Furthermore, these results argue that high Baz levels in R3/R4 cells promote Fz1 signaling, possibly by antagonizing the inhibitory regulation of Fz1 by aPKC. Indeed, several lines of evidence suggest an inhibitory role of Baz on the activity of an aPKC complex. (1) In Drosophila embryonic neuroblasts, aPKC phosphorylates Lgl on the apical side of the cell to inhibit its function, restricting the active Lgl to the basal domain of the cell. This is mediated through direct binding of a Par-6/aPKC complex to Lgl, which can occur only after Baz is released from the Par-6/aPKC complex, suggesting a negative role of Baz on aPKC function. (2) Direct measurements of aPKC kinase activity on an exogenous substrate reveal that addition of purified Par-3, the vertebrate Baz homolog, inhibits aPKC kinase activity, whereas Par-6 enhances it. However, whether the aPKC inhibition by Par-3 is direct or indirect remains unclear. This antagonizing role of Bazooka on the aPKC-mediated inhibition of Fz1 activity in R3/R4 cells is further evidence of the tight regulation required for PCP establishment in the eye (Djiane, 2005).

In this model, the A/B determinants are acting upstream of PCP. Consistent with this, there is no effect on either aPKC or Patj expression in cell clones mutant for PCP genes. Similarly, the initial Baz enrichment in R3/R4 precursors is Fz/PCP independent. The later enrichment of Baz in R4 is, however, dependent on PCP signaling. This could correspond to a similar situation as observed in the SOP, in which the posterior relocalization of Baz is dependent on Fz1 activity (Djiane, 2005).

How does aPKC regulate Fz-PCP activity? The aPKC-mediated phosphorylation of the Fz1 Cterm inhibits its activity without affecting its apical localization or ability to recruit Dsh. The negative regulation must therefore occur by a different mechanism. One possibility is that Fz1 phosphorylation by aPKC inhibits a PCP-specific signal transduction to Dsh. Consistent with this hypothesis, similar point mutations in the conserved PKC sites of the canonical Wnt/β-cat-dedicated Fz2 (Fz2-AA and Fz2-EE), do not affect Fz2 ability to trigger a Wnt/β-cat response when overexpressed in the wing. Another possibility is that aPKC regulates Fz1 activity by promoting its destabilization or by increasing its turnover through the recycling pathway at the apical membrane. Further investigation will be required to answer these questions (Djiane, 2005).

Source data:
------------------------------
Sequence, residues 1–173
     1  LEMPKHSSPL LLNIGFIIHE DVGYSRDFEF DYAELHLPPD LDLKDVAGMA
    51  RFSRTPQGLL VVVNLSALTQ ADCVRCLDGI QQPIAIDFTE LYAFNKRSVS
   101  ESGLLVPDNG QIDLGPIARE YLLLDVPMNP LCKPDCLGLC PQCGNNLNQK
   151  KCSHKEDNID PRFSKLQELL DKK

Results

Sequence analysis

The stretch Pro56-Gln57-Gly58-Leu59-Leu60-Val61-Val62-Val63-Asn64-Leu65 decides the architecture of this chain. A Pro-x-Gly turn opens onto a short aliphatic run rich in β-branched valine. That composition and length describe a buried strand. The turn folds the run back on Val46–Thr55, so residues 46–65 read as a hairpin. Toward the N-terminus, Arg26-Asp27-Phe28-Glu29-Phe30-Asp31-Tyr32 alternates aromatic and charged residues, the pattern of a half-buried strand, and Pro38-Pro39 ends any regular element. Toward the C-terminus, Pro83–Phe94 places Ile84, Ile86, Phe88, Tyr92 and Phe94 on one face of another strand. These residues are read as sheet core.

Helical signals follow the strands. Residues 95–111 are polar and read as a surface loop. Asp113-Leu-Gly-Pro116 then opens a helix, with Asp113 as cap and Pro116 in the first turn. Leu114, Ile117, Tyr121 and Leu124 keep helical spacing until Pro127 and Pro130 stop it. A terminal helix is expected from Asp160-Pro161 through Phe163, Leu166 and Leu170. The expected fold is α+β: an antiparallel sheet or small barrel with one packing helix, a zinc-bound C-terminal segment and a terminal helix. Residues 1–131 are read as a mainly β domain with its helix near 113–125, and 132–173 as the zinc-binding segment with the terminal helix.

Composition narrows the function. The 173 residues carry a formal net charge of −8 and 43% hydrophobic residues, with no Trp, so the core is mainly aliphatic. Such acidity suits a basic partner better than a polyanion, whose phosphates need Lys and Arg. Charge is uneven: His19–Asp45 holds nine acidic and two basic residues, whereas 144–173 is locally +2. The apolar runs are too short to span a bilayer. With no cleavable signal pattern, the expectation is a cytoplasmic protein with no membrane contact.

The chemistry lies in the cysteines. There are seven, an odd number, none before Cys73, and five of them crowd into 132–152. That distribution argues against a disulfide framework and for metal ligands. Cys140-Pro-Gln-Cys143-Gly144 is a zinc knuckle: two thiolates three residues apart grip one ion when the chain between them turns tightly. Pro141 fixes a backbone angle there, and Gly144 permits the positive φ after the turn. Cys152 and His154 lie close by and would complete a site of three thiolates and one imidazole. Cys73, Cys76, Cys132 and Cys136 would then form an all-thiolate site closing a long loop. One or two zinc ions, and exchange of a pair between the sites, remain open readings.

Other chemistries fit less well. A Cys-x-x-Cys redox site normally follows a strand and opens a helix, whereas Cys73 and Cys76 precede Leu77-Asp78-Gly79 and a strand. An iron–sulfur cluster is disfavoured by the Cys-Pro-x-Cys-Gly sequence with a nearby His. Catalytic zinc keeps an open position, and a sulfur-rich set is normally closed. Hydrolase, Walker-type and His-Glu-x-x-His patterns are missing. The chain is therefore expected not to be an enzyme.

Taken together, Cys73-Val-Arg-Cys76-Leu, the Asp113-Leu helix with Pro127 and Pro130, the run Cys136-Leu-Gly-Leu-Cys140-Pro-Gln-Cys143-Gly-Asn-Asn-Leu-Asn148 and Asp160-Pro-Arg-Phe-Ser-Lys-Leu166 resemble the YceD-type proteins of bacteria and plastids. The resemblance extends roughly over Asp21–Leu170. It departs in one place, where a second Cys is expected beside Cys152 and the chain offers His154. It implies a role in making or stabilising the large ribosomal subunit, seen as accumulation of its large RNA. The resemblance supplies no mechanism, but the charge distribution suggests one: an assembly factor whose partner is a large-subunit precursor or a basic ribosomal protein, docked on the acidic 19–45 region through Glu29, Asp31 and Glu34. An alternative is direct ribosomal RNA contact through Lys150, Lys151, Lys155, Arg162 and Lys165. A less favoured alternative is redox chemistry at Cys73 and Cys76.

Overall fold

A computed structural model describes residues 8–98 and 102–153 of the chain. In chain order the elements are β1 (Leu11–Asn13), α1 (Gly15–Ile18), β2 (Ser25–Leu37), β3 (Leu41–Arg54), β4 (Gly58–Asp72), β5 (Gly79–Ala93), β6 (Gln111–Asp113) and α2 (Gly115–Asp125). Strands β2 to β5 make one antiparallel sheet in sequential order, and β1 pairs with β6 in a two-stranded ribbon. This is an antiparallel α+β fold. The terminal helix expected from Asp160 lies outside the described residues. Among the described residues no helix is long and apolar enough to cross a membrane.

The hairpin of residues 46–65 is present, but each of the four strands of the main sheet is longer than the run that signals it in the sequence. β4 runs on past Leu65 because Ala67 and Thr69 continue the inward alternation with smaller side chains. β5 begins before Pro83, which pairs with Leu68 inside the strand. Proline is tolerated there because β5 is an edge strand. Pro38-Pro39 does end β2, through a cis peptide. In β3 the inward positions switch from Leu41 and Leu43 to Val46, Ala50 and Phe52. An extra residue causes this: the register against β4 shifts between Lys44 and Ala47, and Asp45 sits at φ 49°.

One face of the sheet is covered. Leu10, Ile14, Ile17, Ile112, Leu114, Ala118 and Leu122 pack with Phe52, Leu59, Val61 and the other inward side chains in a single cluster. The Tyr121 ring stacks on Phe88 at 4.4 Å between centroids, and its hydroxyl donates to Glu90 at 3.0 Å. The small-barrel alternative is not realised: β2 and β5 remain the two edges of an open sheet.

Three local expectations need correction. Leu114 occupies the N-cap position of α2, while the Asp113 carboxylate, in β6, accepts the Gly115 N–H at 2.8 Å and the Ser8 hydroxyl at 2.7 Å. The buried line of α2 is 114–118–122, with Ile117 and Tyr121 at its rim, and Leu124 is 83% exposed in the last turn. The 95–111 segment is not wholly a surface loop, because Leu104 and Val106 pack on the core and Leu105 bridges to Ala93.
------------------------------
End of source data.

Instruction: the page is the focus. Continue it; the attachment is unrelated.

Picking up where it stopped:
The selective downregulation of Patj and upregulation of Baz in R3/R4 precursors define when and where Fz1, and therefore Fz-PCP signaling, is active. This scenario represents a permissive rather than an instructive requirement of aPKC, Patj, and Baz during PCP. Fz-PCP signaling components are widely expressed but required only at specific time points and in specific subsets of cells. Since no activating PCP specific ligand is known, it is possible that alternate mechanisms control their activity. This study provides evidence for a negative regulation of PCP signaling by A/B polarity determinants, unveiling new mechanisms for regulating PCP. In addition to their importance during A/B polarity, a function has been revealed for the apical determinants Patj, Baz, and aPKC in regulating PCP and evidence is provided for a molecular link between apical-basal and planar cell polarity (Djiane, 2005).


cDNA clone length - 3258
(isoform A)

Bases in 5' UTR - 282

Exons - 4

Bases in 3' UTR - 360


Amino Acids - 871

Structural Domains

Patj is a modular protein containing a N-terminal L27 domain (previously referred to as MRE), mediating its interaction with Sdt, and four PDZ domains (Djiane, 2005).

Patj: Evolutionary Homologs | Regulation | Developmental Biology | Effects of Mutation | References

date revised: 28 May 2008

Home page: The Interactive Fly © 2006 Thomas Brody, Ph.D.

The Interactive Fly resides on the
Society for Developmental Biology's Web server.